Identifying sub-phenotypes of acute kidney injury using structured and unstructured electronic health record data with memory networks Academic Article uri icon

Overview

MeSH Major

  • Comprehension
  • Consent Forms

abstract

  • © 2019 Acute Kidney Injury (AKI) is a common clinical syndrome characterized by the rapid loss of kidney excretory function, which aggravates the clinical severity of other diseases in a large number of hospitalized patients. Accurate early prediction of AKI can enable in-time interventions and treatments. However, AKI is highly heterogeneous, thus identification of AKI sub-phenotypes can lead to an improved understanding of the disease pathophysiology and development of more targeted clinical interventions. This study used a memory network-based deep learning approach to discover AKI sub-phenotypes using structured and unstructured electronic health record (EHR) data of patients before AKI diagnosis. We leveraged a real world critical care EHR corpus including 37,486 ICU stays. Our approach identified three distinct sub-phenotypes: sub-phenotype I is with an average age of 63.03±17.25 years, and is characterized by mild loss of kidney excretory function (Serum Creatinine (SCr) 1.55±0.34 mg/dL, estimated Glomerular Filtration Rate Test (eGFR) 107.65±54.98 mL/min/1.73 m2). These patients are more likely to develop stage I AKI. Sub-phenotype II is with average age 66.81±10.43 years, and was characterized by severe loss of kidney excretory function (SCr 1.96±0.49 mg/dL, eGFR 82.19±55.92 mL/min/1.73 m2). These patients are more likely to develop stage III AKI. Sub-phenotype III is with average age 65.07±11.32 years, and was characterized moderate loss of kidney excretory function and thus more likely to develop stage II AKI (SCr 1.69±0.32 mg/dL, eGFR 93.97±56.53 mL/min/1.73 m2). Both SCr and eGFR are significantly different across the three sub-phenotypes with statistical testing plus postdoc analysis, and the conclusion still holds after age adjustment.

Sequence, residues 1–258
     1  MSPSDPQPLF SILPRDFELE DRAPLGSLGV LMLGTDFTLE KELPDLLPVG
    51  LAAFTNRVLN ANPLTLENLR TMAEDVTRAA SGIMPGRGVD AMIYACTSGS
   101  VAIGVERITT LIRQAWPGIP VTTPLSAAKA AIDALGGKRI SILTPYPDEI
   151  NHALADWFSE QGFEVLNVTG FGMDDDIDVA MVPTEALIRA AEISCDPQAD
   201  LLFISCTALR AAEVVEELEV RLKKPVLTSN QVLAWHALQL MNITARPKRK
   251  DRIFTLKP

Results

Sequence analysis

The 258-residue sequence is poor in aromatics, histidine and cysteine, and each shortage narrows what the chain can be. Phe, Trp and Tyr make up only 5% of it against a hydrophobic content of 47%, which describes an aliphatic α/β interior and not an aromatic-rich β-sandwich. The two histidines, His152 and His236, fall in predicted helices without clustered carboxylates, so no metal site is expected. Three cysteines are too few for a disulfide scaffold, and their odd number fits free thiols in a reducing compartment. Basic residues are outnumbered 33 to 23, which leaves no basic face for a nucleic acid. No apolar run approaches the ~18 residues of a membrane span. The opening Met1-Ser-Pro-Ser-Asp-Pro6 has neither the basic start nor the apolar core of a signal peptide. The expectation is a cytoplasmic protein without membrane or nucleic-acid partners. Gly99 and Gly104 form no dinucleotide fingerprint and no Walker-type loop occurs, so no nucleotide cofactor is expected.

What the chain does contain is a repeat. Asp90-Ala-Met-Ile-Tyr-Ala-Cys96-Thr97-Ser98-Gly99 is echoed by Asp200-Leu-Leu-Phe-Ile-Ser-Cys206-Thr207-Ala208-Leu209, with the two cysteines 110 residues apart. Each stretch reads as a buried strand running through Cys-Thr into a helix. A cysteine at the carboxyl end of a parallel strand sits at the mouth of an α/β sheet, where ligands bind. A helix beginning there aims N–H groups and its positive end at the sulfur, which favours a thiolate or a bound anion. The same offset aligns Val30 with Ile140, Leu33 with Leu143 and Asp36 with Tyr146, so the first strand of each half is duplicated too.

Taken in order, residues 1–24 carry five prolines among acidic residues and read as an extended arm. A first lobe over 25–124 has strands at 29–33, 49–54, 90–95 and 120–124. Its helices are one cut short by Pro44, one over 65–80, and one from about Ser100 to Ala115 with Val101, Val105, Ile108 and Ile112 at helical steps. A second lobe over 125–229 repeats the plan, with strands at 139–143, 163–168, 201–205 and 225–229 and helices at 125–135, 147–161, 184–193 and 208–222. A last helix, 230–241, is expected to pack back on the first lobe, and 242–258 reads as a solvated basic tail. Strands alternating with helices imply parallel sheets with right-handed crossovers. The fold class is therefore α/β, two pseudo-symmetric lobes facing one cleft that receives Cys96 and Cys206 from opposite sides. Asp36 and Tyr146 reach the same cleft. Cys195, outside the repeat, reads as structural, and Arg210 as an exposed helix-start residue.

publication date

  • February 2020

Research

keywords

  • Academic Article

Identity

Language

  • eng

Digital Object Identifier (DOI)

  • 10.1016/j.jbi.2019.103361

PubMed ID

  • 31911172

Additional Document Info

start page

  • 103361

volume

  • 102